23º Year - 5ª Time - 16/02/2019


The traditional name for the region seen in Arabic texts from the Middle Ages and in European cartography until the XVIII century is Celtic Promontory (Celtium prom). On some occasions it's distinguished as Celtic (Bergantiños), Artabrian (north) and Nerio (south).
The area is located between 42º 45´ and 43º 25´ longitude and bordered by the Atlantic Ocean to the north and west and by the districts of Coruña and Santiago to the east and Barbanza to the south.

The main rivers are the Anllóns, Xallas, Grande and Castro. The highest altitudes are those of Ruña (646 m.), Monte Pindo (629 m.), Monte Santa Barbara (538 m.) and Monte Neme (386 m.).
The most important capes that are known all over the world are Cabo Fisterra, Cabo Touriñán, Cabo Vilán, Cabo Roncudo and Cabo Santo Hadrián.


Temperatures are temperate during the summer and cool in the winter with an average of 17.5 C in July and 7.5 C in January. The annual average is slightly lower than usual considering its latitude, this is due to the benign effects of the Gulf Stream during the winter and the cooling winds from the north during the summer.

Rain is less frequent than in Galicia as a whole, even receiving the lowest rainfall in the region (Camariñas and Muxía 800 to 1000mm and Fisterra 600 to 800mm). The highest ammounts registered are from Autumn to March (900 to 1000 mm), descending in the summer down to 200 to 300 mm.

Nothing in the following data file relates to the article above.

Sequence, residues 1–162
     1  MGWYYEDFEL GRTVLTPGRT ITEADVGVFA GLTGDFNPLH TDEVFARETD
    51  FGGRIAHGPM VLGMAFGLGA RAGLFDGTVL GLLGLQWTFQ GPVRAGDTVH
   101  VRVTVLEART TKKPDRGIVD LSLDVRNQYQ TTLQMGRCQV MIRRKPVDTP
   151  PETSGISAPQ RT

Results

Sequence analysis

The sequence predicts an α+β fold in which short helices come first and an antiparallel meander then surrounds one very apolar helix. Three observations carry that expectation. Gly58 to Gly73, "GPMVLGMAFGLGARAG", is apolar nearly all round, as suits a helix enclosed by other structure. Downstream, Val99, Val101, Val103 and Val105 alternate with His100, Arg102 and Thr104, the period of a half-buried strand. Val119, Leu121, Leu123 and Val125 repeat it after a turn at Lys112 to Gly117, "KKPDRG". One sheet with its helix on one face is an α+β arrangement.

Being on the Atlantic, it's the first place to receive the storms from the north in Europe. The sky and especially the sunsets seen from Costa da Morte are considered among the most spectacular in the world.


Fishing and cattle farming, as well as the service sector and the manufacturing industry are the most important sources of wealth. Malpica and Camariñas are the ports with the highest fish capture (5000 to 6000 tns a year) followed by Caión, Corcubión, Fisterra, Laxe, Corme, Muxía and Camelle.

The area belongs to the eurosiberian region. Forestry management of quick growing species (pine and eucalyptus) have changed the landscape of these areas in the last decades. Previously, the region was populated with deciduos forests, especially oak. The readjustment of the primary sector in the last half of the century created a strong migratory wave towards northern Europe, America and to areas close to A Coruña.

The region is currently home to leading companies in the sector, in great part thanks to its strategic location and good communication links with Coruña-Santiago. These areas have important assets and resources in the primary sector, specifically in farming and fishing. The tertiary sector has developed remarkably in the last decades and the region is shaping up to be a privileged tourist destination in Galicia.

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